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06GUATEMALA2473 2006-12-19 18:12:00 UNCLASSIFIED Embassy Guatemala
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1. Summary: The Government of Guatemala (GOG) signed an
agreement with the United Nations December 12 to establish
the International Commission Against Impunity in Guatemala
(CICIG). Pending approval and ratification by the Guatemalan
Congress, the independent UN-led body will investigate
illegal security groups and clandestine security
organizations operating with impunity and threatening human
rights in Guatemala. Under an initial two-year mandate,
CICIG will assist Guatemalan institutions with investigation
and criminal prosecution of crimes committed by members of
such groups, a legacy of the internal armed conflict that
ended in 1996. The signed agreement is expected to be
presented to the Guatemalan Congress in mid-January 2007.
Early comments from legislative leaders make it clear that
approval will not come quickly. End summary.

2. The GOG and the United Nations signed an agreement
December 12 to establish an independent UN-led body to combat
impunity and to strengthen the rule of law in Guatemala.
Under its initial two-year mandate, the International
Commission Against Impunity in Guatemala (CICIG) will assist
Guatemalan institutions to investigate and prosecute crimes
committed by members of illegal security groups and
clandestine security organizations, a legacy of Guatemala's
36-year armed conflict that ended in 1996 with the
UN-brokered peace accords. The Commission will determine the
existence of such groups, their structure, forms of
operation, sources of financing and possible relation to
State entities or agents and other sectors that threaten
civil and political rights in Guatemala.

3. The Commission will be led by a commissioner appointed by
the UN Secretary-General and will be empowered to promote
criminal prosecutions by filing criminal complaints; to join
criminal proceedings as a private prosecutor; and to provide
technical advice to State institutions in the investigation
and criminal prosecution of crimes committed by members of
illegal security groups and clandestine security
organizations. It will also have the authority to advise
State institutions in the implementation of administrative
proceedings against State officials allegedly involved in
such organizations, and to report to administrative
authorities the names of civil servants who have allegedly
committed administrative offenses in the exercise of their
official duties. The Public Prosecutor's Office will retain
final decision-making authority as to who will be criminally

4. The agreement is expected to go to the Guatemalan Congress
for discussion and approval once Congress returns from recess
on January 14. The complex internal process could take as
long as three months or more and will require a simple
majority (80 of 158 votes) in Congress for ratification.

5. Preliminary reaction from various congressional blocs and
editorial writers reveals a deep divide over the utility and
constitutionality of CICIG. While some have praised the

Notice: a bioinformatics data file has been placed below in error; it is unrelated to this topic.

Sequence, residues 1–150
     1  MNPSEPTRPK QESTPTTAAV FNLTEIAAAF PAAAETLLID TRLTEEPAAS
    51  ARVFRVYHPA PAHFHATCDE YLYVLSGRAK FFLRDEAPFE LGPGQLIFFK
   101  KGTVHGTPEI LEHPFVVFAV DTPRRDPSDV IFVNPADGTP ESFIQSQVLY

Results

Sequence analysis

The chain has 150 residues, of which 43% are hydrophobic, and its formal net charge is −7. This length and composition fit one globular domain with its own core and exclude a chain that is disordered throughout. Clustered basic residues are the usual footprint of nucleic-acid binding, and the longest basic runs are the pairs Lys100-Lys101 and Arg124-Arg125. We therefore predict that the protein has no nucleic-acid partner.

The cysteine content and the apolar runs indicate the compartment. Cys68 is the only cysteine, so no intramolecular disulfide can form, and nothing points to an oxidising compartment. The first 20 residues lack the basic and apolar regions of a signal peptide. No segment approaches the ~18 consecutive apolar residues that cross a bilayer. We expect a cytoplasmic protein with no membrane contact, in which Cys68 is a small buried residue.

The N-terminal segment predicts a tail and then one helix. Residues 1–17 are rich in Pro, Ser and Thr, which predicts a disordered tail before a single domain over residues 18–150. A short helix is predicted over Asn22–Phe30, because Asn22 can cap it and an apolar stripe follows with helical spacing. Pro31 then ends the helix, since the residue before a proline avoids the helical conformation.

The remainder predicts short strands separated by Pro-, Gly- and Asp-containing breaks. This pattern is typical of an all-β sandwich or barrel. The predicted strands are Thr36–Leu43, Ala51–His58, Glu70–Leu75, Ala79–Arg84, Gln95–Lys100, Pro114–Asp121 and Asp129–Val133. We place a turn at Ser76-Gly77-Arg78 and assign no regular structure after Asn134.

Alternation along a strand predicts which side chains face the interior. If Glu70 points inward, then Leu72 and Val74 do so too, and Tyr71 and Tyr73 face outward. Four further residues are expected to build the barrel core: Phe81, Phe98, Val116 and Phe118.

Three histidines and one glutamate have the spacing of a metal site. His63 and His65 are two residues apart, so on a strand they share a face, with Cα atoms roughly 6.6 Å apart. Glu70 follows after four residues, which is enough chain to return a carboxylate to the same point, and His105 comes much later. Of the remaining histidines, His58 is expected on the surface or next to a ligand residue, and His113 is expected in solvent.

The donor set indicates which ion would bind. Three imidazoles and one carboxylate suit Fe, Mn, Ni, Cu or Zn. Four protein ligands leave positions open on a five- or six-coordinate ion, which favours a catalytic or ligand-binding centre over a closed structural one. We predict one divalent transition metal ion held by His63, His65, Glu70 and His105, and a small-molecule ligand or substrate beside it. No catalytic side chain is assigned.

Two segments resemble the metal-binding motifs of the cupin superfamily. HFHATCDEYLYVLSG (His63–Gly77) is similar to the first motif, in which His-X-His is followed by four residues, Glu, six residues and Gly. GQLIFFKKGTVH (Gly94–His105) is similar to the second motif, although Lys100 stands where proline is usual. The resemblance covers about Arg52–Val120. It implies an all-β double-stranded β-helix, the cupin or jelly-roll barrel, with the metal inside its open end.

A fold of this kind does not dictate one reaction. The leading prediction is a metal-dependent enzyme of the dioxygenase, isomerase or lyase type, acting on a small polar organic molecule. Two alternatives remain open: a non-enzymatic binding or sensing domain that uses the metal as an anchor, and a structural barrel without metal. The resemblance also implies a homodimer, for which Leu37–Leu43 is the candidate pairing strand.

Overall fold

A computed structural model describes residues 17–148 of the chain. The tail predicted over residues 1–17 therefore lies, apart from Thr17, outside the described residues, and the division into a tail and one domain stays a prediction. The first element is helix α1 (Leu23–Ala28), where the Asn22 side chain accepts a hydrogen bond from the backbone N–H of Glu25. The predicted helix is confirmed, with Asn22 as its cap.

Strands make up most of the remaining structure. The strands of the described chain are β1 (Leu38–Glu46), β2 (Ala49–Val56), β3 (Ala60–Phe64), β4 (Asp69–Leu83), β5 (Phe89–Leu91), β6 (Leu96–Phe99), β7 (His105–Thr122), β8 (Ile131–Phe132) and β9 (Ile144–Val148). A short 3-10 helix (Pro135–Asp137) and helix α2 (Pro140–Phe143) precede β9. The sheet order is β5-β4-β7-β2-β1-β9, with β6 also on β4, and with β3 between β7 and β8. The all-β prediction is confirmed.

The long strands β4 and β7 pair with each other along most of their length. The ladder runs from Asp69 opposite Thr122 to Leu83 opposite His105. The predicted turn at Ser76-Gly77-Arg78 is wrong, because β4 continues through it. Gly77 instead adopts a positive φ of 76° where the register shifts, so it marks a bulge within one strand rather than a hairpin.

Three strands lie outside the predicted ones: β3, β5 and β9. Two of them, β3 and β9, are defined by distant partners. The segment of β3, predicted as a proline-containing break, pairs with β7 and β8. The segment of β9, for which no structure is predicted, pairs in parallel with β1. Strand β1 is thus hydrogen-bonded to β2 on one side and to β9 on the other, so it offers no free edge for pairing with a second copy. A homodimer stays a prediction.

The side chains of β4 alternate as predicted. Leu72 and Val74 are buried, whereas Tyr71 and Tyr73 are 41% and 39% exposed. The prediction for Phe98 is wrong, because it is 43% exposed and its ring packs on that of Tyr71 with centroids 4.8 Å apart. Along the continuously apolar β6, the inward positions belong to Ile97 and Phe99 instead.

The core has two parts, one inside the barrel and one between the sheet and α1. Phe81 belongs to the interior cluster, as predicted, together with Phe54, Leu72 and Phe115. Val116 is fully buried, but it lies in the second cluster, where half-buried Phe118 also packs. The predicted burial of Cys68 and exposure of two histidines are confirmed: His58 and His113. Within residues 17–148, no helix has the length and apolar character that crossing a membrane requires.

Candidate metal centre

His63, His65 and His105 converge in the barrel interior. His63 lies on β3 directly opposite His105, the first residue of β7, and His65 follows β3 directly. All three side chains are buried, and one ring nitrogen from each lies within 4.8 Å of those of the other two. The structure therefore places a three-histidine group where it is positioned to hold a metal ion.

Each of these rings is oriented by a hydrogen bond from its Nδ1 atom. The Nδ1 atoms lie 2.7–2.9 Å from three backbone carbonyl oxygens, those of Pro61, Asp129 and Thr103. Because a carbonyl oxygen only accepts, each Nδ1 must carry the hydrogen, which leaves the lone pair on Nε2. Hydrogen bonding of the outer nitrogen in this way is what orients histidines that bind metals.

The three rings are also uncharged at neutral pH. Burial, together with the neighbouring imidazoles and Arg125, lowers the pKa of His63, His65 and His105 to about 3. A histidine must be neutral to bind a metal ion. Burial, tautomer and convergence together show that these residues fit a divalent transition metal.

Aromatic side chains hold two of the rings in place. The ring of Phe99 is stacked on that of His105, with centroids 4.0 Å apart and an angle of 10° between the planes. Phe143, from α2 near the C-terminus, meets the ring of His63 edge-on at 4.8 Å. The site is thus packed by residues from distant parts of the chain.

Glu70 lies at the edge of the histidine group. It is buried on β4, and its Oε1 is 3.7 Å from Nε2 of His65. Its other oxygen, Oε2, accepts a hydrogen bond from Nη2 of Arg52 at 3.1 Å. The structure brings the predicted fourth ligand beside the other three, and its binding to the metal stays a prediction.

agreement as a positive, significant step in the fight
against impunity and violence that have become increasingly
prevalent in Guatemala, some human rights groups have
expressed reservations and criticized the agreement for its
non-retroactive application to past illicit activities.
Critics within the human rights community assert that past
activities should be investigated because those who now run
organized crime groups violated human rights and committed
crimes in the past. Some congressmen expressed opposition to
CICIG based on their concerns that it would diminish
Guatemala's sovereignty, while some op-ed writers asserted
that it would undermine Guatemala's own institutions charged
with enforcing the laws.

6. Ruben Dario Morales, Secretary-General of the National
Advancement Party (PAN) and president-elect of Congress,
publicly expressed reservations over the effectiveness of
such commission to combat the endemic problem of impunity.
In local press, he emphasized the need to create a permanent
entity -- a national system of security -- and to establish a
State policy against crimes committed by illegal security
groups and clandestine security organizations. Private
sector leaders, including Humberto Preti, former head of the
principal business association CACIF, have argued that the

Commission is only a temporary solution to the persistent
problem of impunity and expressed concern that it may be
little more than a leftist intervention that will address
only crimes committed by the right wing.

7. Comment: The CICIG agreement is a promising, if
long-delayed, initiative of the Berger Administration to
strengthen the rule of law and protect human rights in
Guatemala. Based on preliminary reaction, however, Embassy
anticipates a vigorous and protracted debate in Congress.
While the GOG tells us they consulted with all interested
parties on the text of the agreement prior to signing with
the UN, it apparently has not done a thorough job of lobbying
and convincing congressional blocs to support the agreement.
The Embassy has been actively engaged in lobbying for
congressional approval of CICIG (formerly known as CICIACS)
since the beginning of GOG-UN negotiations more than a year
ago, and as the text is presented to Congress early next year
we will intensify our lobbying efforts.